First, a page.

ACS Nano https://doi.org/ch7x (2018)
One promising way of controlling light waves is by topologically structuring laser beams with vortices. A helical wavefront and a central phase singularity then make the light amenable to ultrahigh-resolution microscopy, and its optical angular momentum can be used to store and transfer information — offering scope for holographic applications and 3D displays. But existing implementations operate in the unfavourable infrared frequency range and claim limited control over the angular momentum. Now, Thomas Krauss and co-workers have developed an integrated approach that provides access to miniaturization and a facile scaling.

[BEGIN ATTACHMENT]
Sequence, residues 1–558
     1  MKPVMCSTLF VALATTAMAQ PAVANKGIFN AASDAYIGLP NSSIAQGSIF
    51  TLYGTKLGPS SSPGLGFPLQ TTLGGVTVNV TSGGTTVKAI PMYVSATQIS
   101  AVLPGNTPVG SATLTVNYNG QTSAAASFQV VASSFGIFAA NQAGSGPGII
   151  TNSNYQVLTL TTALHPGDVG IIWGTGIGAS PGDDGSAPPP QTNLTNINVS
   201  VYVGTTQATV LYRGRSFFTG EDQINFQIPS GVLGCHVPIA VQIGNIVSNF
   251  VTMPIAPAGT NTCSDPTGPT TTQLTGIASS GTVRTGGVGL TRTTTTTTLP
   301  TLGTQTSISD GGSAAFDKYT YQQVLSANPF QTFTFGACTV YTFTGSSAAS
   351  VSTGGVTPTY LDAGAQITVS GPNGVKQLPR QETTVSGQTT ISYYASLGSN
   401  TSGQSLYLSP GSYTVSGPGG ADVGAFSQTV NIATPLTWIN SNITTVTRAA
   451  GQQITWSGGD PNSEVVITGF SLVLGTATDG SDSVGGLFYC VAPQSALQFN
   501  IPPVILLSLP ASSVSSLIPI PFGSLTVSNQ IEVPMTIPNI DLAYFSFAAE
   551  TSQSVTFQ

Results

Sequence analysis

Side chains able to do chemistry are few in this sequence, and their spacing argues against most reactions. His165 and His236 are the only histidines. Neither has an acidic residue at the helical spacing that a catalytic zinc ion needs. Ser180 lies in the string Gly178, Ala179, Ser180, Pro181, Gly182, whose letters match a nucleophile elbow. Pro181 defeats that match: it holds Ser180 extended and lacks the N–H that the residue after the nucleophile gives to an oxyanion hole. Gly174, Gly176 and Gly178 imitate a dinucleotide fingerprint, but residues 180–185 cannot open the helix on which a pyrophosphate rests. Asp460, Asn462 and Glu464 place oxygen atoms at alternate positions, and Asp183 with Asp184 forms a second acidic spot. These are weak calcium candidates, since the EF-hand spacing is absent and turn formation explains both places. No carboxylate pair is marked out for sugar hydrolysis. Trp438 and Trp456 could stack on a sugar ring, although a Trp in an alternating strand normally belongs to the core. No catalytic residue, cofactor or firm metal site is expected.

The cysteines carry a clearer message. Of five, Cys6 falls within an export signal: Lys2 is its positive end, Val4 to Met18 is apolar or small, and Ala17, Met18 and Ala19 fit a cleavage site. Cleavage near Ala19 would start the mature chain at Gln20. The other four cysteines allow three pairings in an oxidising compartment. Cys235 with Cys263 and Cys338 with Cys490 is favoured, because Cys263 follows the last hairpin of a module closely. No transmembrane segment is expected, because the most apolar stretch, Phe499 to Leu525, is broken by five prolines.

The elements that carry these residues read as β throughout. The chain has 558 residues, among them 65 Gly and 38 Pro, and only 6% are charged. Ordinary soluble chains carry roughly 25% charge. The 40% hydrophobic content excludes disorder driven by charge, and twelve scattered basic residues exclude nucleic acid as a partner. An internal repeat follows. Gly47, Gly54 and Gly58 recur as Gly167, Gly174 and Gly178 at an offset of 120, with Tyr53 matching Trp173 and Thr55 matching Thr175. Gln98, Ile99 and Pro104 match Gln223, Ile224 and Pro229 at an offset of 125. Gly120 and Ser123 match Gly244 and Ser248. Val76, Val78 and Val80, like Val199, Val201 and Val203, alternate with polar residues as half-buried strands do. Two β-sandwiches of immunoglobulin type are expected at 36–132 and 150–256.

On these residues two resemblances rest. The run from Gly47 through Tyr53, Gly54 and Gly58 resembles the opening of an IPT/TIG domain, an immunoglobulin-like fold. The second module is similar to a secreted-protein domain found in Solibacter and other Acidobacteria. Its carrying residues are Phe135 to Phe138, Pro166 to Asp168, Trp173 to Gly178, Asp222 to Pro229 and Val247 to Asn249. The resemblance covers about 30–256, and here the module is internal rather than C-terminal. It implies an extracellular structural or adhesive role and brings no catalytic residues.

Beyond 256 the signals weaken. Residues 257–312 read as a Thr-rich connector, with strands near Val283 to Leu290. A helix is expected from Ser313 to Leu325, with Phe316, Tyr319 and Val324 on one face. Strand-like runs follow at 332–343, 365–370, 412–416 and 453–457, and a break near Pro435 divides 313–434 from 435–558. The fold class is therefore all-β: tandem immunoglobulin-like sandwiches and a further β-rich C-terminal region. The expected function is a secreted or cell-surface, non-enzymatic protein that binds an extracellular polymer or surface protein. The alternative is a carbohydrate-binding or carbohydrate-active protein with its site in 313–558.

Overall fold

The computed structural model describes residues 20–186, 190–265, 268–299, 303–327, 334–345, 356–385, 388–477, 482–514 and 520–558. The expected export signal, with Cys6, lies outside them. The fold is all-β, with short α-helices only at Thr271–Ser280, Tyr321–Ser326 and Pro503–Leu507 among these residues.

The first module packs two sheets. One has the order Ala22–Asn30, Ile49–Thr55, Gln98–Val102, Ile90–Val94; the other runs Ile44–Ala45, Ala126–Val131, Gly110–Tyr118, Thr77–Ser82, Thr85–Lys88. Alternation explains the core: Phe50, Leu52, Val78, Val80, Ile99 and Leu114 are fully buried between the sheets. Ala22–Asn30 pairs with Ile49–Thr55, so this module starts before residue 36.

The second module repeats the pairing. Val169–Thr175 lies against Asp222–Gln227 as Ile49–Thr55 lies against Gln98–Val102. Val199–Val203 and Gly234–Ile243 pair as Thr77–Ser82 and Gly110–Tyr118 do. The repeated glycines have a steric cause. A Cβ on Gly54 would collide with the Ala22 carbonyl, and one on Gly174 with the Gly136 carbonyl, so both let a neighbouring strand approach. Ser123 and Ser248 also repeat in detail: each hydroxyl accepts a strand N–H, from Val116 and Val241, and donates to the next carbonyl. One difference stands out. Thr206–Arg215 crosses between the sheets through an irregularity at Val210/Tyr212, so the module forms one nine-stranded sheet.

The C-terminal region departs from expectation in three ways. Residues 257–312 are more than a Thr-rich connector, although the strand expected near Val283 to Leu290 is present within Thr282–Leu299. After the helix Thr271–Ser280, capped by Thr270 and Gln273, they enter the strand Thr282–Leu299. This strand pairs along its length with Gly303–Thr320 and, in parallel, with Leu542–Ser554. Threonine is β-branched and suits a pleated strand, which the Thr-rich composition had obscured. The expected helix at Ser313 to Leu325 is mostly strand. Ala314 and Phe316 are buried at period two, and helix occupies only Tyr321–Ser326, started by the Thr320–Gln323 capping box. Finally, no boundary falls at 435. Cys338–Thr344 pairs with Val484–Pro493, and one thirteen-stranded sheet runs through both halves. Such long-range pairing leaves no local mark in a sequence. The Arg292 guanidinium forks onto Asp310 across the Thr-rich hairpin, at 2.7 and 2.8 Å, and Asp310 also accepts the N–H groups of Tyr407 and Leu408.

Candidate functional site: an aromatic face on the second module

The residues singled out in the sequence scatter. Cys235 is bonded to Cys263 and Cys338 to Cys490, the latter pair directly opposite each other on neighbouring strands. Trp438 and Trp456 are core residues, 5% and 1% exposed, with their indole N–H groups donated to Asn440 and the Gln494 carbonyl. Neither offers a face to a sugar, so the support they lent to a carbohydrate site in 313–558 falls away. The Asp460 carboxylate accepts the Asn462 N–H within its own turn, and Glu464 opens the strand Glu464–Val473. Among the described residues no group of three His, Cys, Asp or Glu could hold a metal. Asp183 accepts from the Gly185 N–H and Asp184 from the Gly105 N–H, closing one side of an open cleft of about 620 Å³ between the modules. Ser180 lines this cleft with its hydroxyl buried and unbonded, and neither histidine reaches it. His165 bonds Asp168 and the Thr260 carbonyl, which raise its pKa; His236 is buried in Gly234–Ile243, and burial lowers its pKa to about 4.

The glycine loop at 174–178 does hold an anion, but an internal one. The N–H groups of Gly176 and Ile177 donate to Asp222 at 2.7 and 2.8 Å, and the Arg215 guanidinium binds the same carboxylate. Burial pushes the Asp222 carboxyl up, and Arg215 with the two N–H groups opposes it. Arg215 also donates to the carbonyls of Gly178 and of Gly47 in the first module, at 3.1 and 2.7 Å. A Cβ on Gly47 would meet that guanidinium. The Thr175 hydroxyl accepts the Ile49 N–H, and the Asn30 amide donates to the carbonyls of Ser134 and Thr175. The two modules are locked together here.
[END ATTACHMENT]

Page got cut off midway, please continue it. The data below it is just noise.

Krauss et al. realized an organic semiconductor laser emitting in the visible frequency range with a controllable optical vortex. The key element is an Archimedean spiral grating, which gives access to the phase, handedness and angular momentum of the beam through the number of spiral arms. This effectively transfers the concept of optical vortices to the microscale and makes it possible to construct two-dimensional arrays of cheap, easy-to-fabricate and spectrally tunable emitters in a single lightweight device.
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Kraack, J. Scalable vortices. Nature Phys 14, 108 (2018). https://doi.org/10.1038/nphys4355